The Elder Scrolls Online hands-on: trouble in Tamriel

Quest design seems to rank on the better end of MMO busywork. Yes, there are plenty of fetch quests but, in grand Elder Scrolls tradition, many take you to new caves or abandoned ruins. Better still, I encountered few "kill X thing" quests, and was even given some unexpectedly inventive tasks. I freed a prisoner from a crazed ice wizard, stole valuable wine from a tavern, and had the obligatory meeting with Sheogorath. At its best, The Elder Scrolls Online seems able to capture the silliness that often surfaces in the series' singleplayer outings. But even these high points are soured by my biggest issue with the beta: combat.

Creating my character, I was asked to select one of four classes. I picked the Nightblade - the stealthiest, stabbiest class on the roster. Asking to define your character so early at first seems like another attempt to remove player freedom, but the class choice only decides three of the many skill trees that can be upgraded as you level up and gather points. In addition, you can assign skills in any weapon or armour type, as well as various racial, crafting and guild trees.

With my Nightblade Argonian, I decided to focus on class skills in Assassination and Shadow, granting invisibility and spectral blade abilities, and also in the Dual Wielding weapon skills. Get a balance of ability types, and you gain more options in combat. Active class abilities drain Magicka, while special weapon attacks take Stamina. With a good mix of the two, my hotbar was filled with potential options across moment-to-moment fights, with plenty of options for future upgrades. While I didn't get far enough down any path to see the full scope for customisation, it seems huge, and is probably TESO's most promising feature.

It's with the standard attacks that everything falls apart. While abilities live on your hotbar, everything else - blocks, dodges and attacks - are done through WASD and mouse clicks. It's a direct attack system, like any other Elder Scrolls game, except here the combat sorely lacks impact. My dual wielding lizard would swipe away at enemies, with nothing to show for it except a slowly draining health bar.

Everything you fight is incorporeal. Walk into any enemy, and you'll happily clip through them. That's pretty standard in MMOs, but most are better at hiding the fact that their monsters have no substance. Purely hotbar-based online games give feedback through raw numbers, and the explosive flashiness of their effects. Even direct-attack MMOs like TERA over exaggerate the the sound of weapon hits, tricking you into a false sense of tactile feedback. In TESO, my dagger swipes offered no such visual or audio trickery, and as a result, combat became a chore.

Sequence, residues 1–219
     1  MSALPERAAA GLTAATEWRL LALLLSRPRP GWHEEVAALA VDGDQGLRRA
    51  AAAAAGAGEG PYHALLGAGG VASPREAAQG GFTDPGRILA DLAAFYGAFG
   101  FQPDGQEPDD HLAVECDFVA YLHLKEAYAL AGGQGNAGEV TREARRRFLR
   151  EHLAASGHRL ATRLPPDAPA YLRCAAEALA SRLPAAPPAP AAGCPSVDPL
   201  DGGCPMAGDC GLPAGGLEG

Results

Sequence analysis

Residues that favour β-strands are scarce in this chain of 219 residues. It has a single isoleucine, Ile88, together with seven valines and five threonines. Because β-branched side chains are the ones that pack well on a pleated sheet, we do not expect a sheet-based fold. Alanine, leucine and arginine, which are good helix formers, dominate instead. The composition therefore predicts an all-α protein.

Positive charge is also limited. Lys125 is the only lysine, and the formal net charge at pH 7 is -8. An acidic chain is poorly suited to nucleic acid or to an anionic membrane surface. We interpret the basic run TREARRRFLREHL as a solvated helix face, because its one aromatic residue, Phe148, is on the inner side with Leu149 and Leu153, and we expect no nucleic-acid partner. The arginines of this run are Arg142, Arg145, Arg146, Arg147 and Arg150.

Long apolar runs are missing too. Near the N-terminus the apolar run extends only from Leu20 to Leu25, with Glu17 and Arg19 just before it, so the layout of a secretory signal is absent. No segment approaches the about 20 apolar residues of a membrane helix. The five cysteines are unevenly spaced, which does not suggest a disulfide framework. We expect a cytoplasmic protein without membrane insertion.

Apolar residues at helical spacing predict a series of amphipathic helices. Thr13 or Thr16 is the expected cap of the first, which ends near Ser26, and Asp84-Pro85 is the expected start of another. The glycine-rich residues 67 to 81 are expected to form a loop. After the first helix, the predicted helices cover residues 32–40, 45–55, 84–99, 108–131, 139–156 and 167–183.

Salvation came - perhaps unsurprisingly at this point - from character freedom. Not wanting to roll another character, I switched weapons to a destruction staff for my last session with the game. There was an instant improvement. The staff's ranged fireballs felt much deadlier - still not noticeably affecting the enemy, but providing a flashy effect to cover for their indifference. Suddenly fights gained a tension and immediacy they'd never had before.

While I'd initially thought a magic weapon would be at odds with my stealth 'n stab character, the attacks synced nicely. I could initiate with a Teleport Strike, stun the enemy with a Concealed Weapon attack from invisibility, then cause a knockdown with a follow-up close range fire blast. Finally, I'd dodge back, spam fire attacks, then finish with the Killer's Blade spectral dagger spell, doing extra damage to injured enemies and restoring some of my health.

In the alternate universe where I picked a ranged character from the start, this might have been a much more positive preview. As it is, my annoyance with the combat accentuated my other problems. That leaves The Elder Scrolls Online in a strange place. None of my concerns are insurmountable, even with the April launch quickly approaching. With populated servers and some extra heft added to melee combat, TESO could be a decent MMO, even if I'm not convinced it will be a great one. But Bethesda are already taking pre-orders, and it's a high price they're asking. On the basis of what I've played so far, I'd advise waiting until we see the finished product.

Phil Savage

Phil has been writing for PC Gamer for nearly a decade, starting out as a freelance writer covering everything from free games to MMOs. He eventually joined full-time as a news writer, before moving to the magazine to review immersive sims, RPGs and Hitman games. Now he leads PC Gamer's UK team, but still sometimes finds the time to write about his ongoing obsessions with Destiny 2, GTA Online and Apex Legends. When he's not levelling up battle passes, he's checking out the latest tactics game or dipping back into Guild Wars 2. He's largely responsible for the whole Tub Geralt thing, but still isn't sorry.